Prognostic Precipitation in the MIROC6-SPRINTARS GCM: Description and Evaluation Against Satellite Observations
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Prognostic Precipitation in the MIROC6-SPRINTARS GCM: Description and Evaluation Against Satellite Observations
  • Published Date:

    2019

  • Source:
    Journal of Advances in Modeling Earth Systems 11(3), 839-860, 2019
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Prognostic Precipitation in the MIROC6-SPRINTARS GCM: Description and Evaluation Against Satellite Observations
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  • Description:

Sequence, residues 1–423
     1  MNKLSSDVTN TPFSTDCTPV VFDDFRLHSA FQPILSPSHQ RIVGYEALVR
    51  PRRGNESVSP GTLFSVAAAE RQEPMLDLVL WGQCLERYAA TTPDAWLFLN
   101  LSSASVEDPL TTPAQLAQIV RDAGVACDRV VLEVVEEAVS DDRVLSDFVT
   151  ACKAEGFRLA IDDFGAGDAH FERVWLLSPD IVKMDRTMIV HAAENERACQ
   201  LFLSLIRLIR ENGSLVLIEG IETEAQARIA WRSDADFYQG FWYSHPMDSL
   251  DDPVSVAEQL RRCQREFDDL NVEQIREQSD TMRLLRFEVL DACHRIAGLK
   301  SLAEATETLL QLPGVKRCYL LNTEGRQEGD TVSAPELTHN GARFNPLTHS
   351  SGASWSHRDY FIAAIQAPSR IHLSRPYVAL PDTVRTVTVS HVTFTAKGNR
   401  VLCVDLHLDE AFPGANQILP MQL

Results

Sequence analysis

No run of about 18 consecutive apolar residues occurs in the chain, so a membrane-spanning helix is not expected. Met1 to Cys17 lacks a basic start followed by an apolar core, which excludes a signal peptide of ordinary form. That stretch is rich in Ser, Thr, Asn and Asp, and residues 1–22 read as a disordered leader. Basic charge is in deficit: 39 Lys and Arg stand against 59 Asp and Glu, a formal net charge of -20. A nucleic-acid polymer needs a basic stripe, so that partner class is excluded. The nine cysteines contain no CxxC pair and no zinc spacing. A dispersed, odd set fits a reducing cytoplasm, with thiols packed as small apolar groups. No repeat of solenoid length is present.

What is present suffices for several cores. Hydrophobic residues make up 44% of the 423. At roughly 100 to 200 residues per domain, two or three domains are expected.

A comprehensive two-moment microphysics scheme is incorporated into the MIROC6-SPRINTARS general circulation model (GCM). The new scheme includes prognostic precipitation for both rain and snow and considers their radiative effects. To evaluate the impacts of applying different treatments of precipitation and the associated radiative effect, we perform climate simulations employing both the traditional diagnostic and new prognostic precipitation schemes, the latter also being tested with and without incorporating the radiative effect of snow. The prognostic precipitation, which maintains precipitation in the atmosphere across multiple time steps, models the ratio of accretion to autoconversion as being approximately an order of magnitude higher than that for the diagnostic scheme. Such changes in microphysical process rates tend to reduce the cloud water susceptibility as the autoconversion process is the only pathway through which aerosols can influence rain formation. The resultant anthropogenic aerosol effect is reduced by approximately 21% in the prognostic precipitation scheme. Modifications to the microphysical process rates also change the vertical distribution of hydrometeors in the manner that increases the fractional occurrence of single-layered warm clouds by 38%. The new scheme mitigates the excess of supercooled liquid water produced by the previous scheme and increases the total mass of ice hydrometeors. Both characteristics are consistent with CloudSat/CALIPSO retrievals. The radiative effect of snow is significant at both longwave and shortwave (6.4 and 5.1 W/m(2) in absolute values, respectively) and can alter the precipitation fields via energetic controls on precipitation. These results suggest that the prognostic precipitation scheme, with its radiative effects incorporated, makes an indispensable contribution to improving the reliability of climate modeling.
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